Options for expanding the Missionary Training Center in Provo are the focus of discussions the Church is having with residents of the neighborhoods nearby.
Seventeen options derived from earlier neighborhood meetings have been reduced to two: expanding east across 900 East onto the athletic field, or expanding south onto space that now houses the BYU laundry facility.
MTC director Richard Heaton said at the Friday meeting that the number of missionaries at the Provo MTC peaked at 2,800 during the summer of 2012. Increases since President Thomas S. Monson announced missionaries could serve at a younger age started a surge that will result in a 2013 peak of 7,800 new missionaries in training.
The present MTC is the flagship training center for The Church of Jesus Christ of Latter-day Saints and can house 3,000 missionaries. A new MTC in Mexico will be able to house 1,000 missionaries. That leaves 3,500 missionaries who need housing, Heaton said, which the Church is scrambling to build.
“The challenge is that it has to be done fast,” Heaton said.
MTC neighbors favoring the south expansion say its compactness makes it a better fit for the needs of the missionaries and community.
Julia Oldroyd, a resident in the area who attended the Friday meeting, said she thought the south expansion “would be easier for the missionaries, and … less expensive to maintain. It just seemed like a more logical expansion.”
The south expansion would include an approximately 60-foot tall, four-story housing unit on the west side of the campus and seven-story buildings for teaching purposes, each about 100 feet tall, on the east side, according to Bill Williams, lead architect for the project. Some residents complained that this plan made the areas too compacted and was too similar to plans presented last year. Williams highlighted the differences in the plans.
“These are the heights we need to accomplish the square footage of providing … about 134 square feet per missionary,” he said. “This (height) is about a third less from what we had before” when a nine-story tower was part of a recently scrapped reconstruction plan.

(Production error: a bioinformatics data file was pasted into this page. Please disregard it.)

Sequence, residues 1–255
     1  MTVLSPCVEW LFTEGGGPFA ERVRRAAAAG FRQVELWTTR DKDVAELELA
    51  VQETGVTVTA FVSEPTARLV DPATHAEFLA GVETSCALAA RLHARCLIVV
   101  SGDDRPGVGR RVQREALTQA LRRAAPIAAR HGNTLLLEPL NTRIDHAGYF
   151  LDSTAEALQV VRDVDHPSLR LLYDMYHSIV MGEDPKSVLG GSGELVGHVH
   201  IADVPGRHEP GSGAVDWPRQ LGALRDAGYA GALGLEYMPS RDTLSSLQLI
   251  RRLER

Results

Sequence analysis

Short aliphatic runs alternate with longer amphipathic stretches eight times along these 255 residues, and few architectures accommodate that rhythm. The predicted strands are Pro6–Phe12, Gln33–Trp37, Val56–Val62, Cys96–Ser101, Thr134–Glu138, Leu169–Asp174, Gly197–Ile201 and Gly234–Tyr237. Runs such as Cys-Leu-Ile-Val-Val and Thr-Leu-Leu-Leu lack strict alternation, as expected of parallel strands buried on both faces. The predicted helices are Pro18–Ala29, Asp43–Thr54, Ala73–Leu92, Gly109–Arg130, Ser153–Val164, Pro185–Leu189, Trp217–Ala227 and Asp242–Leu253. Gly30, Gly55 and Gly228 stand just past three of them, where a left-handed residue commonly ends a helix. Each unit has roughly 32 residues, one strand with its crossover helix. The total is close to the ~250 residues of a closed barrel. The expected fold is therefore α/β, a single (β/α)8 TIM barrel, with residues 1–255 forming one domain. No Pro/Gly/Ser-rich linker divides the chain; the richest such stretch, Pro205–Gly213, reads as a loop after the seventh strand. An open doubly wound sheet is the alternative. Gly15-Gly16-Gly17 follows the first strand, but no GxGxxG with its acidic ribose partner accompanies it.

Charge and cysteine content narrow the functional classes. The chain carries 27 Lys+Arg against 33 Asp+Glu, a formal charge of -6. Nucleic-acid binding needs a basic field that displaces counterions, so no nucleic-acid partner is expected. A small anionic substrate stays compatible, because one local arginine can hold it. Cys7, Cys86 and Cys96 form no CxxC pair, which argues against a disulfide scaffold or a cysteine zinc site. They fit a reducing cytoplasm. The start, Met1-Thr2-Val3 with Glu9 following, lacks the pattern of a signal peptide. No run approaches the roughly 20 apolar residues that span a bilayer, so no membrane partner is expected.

A benefit of this plan is the campus would be unified. “This creates the opportunity to create that enclave (of learning and teaching), if you will,” Williams said.
The northeast expansion would have five-story residential buildings and more buildings of three and four stories. Unlike the south expansion plan, the focus of this option would be keeping an unobstructed view of the Provo Temple and formalizing open space.
“This could be something very elegant,” Williams said, “like you would see in Washington, D.C.”
Though the buildings would be shorter, the campus would be less pedestrian friendly, and campus would be split east and west by the 900 East roadway. More crosswalks would be a possible solution.
George Frey, a resident in favor of the northeast expansion, said the northeast expansion would fit the needs of the community better. He said it was more visually appealing, with an openness and vastness highlighting the temple that excited him.
Frey, and Jared Oldroyd, an area resident, favor the south expansion and agree that the neighbors’ primary interest was involvement.
“I’m not too concerned about which option they choose,” Jared Oldroyd said. “I was just glad that they involved everybody and got our input. … I think the growth of the MTC is a good thing for community.”
Even though most people favored the south expansion in a straw poll, the northeast expansion, Williams said, would be significantly cheaper.
Construction costs were not discussed, but the south option would involve demolishing existing buildings and relocating the current BYU campus occupants of those buildings.